The plays of Stewart Love mark a new and distinct note in Northern Irish drama.
Love's first play, The Randy Dandy (1960) - the first Ulster Group Theatre play after the debacle of the 'banning' of Sam Thompson's Over the Bridge and unjustly overshadowed as a result of the controversy - saw the emergence of a vibrant and recognisable modernity on the local stage. Indebted to Osborne's Jimmy Porter and the other Angry Young Men of the period, Love's Dandy Jordan, locked in an unhappy marriage, is a voice of discontent, of protest at an emotionally, imaginatively and sexually stultifying culture.
Love quickly followed this with other plays of striking realism and protest. His second play for the stage, The Big Long Bender (1962), is arguably the first Irish play to convincingly present the new rock and roll youth culture, concerning itself with sexual freedom and the price paid for it. More traditional in its themes, The Big Donkey (1964) is a bleak portrayal of working-class life on Belfast's waterfront and the ever-present struggle against unemployment. The final play of this selection, Me Oul Segocia (1980) - written at the onset of the Troubles but only professionally produced over a decade later - stands as a play of rare power and honesty in its exploration of the communal fault lines underlying life in the North.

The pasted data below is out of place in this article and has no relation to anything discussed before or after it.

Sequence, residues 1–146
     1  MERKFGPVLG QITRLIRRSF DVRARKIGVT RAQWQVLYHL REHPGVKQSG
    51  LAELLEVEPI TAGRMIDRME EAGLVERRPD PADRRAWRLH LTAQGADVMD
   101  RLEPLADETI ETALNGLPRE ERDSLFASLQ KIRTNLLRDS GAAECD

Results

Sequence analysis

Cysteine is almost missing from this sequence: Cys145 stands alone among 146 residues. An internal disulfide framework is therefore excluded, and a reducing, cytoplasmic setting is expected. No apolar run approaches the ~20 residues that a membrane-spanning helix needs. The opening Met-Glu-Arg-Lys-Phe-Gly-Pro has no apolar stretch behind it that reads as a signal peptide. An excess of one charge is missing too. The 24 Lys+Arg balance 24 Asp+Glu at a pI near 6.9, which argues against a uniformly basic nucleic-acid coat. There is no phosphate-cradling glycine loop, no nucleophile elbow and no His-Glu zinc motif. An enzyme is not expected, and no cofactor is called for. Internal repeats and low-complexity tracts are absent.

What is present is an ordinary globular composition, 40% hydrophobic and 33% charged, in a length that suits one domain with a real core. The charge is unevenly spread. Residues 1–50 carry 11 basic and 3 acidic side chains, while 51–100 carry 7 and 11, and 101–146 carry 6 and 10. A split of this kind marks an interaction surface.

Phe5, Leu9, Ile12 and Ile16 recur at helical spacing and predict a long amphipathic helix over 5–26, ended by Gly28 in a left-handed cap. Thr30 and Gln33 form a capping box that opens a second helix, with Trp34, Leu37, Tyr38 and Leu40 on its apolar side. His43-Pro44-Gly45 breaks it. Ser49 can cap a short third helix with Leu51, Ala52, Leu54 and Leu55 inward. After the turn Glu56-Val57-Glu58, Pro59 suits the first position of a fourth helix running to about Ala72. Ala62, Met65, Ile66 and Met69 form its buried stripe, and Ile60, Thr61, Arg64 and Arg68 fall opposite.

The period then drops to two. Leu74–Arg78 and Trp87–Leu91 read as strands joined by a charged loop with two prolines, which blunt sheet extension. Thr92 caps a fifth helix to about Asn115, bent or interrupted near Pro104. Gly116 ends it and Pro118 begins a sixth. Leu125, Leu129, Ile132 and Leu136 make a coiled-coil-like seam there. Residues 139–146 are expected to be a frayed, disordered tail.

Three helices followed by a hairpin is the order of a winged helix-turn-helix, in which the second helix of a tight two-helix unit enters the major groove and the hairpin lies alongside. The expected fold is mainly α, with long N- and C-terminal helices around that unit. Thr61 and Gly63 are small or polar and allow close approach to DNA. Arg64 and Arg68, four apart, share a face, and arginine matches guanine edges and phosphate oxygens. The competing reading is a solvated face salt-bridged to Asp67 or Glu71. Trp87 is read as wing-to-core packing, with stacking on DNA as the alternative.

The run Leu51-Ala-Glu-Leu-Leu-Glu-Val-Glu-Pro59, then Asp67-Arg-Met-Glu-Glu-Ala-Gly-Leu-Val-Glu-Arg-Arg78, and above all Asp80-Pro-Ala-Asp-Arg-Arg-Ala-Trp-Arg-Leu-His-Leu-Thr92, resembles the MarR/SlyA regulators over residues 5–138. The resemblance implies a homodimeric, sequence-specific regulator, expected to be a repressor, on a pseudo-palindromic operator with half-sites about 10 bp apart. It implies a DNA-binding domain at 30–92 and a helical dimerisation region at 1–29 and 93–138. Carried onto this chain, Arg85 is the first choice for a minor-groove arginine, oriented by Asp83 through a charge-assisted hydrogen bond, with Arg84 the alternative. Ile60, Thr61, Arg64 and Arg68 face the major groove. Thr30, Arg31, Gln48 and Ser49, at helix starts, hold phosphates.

Stewart Love: Selected Plays - edited and introduced by Scott Boltwood provides not just ample testimony to Love's importance as a dramatist but is a bracing exploration of life in the north of Ireland.
Born in Belfast in 1934, 5tewart Love is a former teacher and has written many plays for the stage, radio and television - though he freely admits to finding writing for the stage the most satisfying. Among his other successful plays are; A Headful of Crocodiles (1961), The Sugar Cubes (1961), Plain Jane (1963) and, Titanic (1979). For many years, he produced scripts of a cultural or historical nature for BBC schools. As well as two collections of plays for children, he has also written a children's novel, The Great Marco Scandal (1980). He lives in Belfast with his wife, Elizabeth.
Scott Boltwood is a theatre historian and professor at Emory and Henry College, Virginia, whose work focuses on Northern Irish theatre in the post-war era. His most recent book is; Brian friel, Ireland and the North (Cambridge University Press, 2007).